Some photographers have a reputation for being narcissistic micromanagers. Don’t be that guy. And I do mean, THAT GUY!
The megalomaniacal content creators have convinced themselves that they need to let the world know that they know it all, so that they can live out the fantasy of their ill-conceived ideas.
While I do have my moments, I try my best to ask everyone on set their opinions in real time as the pictures pop up on the screen. Just as photographers have good ideas about hair and make up, or styling, the grooming crew might have a great idea about lighting and the production assistant might come up with a perfect pose while distributing the morning’s dark roast.
If you create a positive and open environment where the ideas can flow, you never know where it will take you. You certainly don’t know everything, and your ideas are not always the best. You don’t have to take every contribution and implement it right away. You just have to compile everyone’s feedback and then make the final decision. And As long as you say yes to everyone once in a while, every member of the crew will feel valued and validated.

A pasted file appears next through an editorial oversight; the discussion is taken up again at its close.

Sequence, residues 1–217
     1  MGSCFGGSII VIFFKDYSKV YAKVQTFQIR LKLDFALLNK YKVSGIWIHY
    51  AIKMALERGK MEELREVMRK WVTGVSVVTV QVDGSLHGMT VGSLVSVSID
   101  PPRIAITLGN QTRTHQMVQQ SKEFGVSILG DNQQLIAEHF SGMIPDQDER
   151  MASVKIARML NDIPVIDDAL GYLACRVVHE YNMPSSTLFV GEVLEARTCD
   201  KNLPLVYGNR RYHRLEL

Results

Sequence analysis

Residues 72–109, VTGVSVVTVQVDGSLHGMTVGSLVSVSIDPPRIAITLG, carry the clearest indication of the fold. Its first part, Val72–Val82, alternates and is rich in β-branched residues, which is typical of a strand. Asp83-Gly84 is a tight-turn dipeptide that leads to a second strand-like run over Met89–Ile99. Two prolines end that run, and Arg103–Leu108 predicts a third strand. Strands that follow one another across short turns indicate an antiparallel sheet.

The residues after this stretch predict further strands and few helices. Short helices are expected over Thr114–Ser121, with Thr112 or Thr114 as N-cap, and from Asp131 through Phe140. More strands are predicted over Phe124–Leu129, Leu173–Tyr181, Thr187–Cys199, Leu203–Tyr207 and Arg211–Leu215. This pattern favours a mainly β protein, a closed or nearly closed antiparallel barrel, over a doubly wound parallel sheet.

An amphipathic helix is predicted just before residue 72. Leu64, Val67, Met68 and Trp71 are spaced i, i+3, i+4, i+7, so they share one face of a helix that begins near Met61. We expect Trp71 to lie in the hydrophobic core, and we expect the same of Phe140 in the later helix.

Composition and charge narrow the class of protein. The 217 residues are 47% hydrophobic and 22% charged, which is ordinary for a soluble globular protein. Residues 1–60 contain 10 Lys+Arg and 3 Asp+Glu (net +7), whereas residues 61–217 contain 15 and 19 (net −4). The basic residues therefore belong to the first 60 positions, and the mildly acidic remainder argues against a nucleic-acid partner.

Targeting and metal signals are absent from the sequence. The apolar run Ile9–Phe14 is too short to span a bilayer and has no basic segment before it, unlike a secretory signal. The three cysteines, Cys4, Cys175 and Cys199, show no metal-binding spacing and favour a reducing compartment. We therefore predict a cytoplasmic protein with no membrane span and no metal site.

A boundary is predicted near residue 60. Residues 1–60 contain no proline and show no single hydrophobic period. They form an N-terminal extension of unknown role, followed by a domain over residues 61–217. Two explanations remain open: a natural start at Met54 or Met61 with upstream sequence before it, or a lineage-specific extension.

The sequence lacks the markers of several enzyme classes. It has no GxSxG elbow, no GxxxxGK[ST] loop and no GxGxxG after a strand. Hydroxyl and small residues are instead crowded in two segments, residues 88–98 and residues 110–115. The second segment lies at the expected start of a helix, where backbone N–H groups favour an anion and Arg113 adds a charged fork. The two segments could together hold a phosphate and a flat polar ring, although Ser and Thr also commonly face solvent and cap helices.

Plus, if you’re an asshole on set, no one will want to work with you, and it will show in the pictures.
Here’s a great example. I had a “brilliant idea,” posing a model in silhouette in front of a circular white beauty dish, and then lining them from the front by projecting a square over one eye. I set it all up, took the first photo and it looked very blah.
So, I moved the cockeyed square a little to cover most of the face and I still didn’t like it.
Then I started asking everyone what they thought, and then I decided to change the square for a triangle.
While it looked okay, it wasn’t great. Pablo Roberto, the stylist on the shoot, picked up on that. Spontaneously, he picked up a red gel from the tethering table and held it up in front of the main light, and the results were great. If he hadn’t felt empowered to jump in, this image would never exist.
Model: Julian Ross https://www.instagram.com/jross18/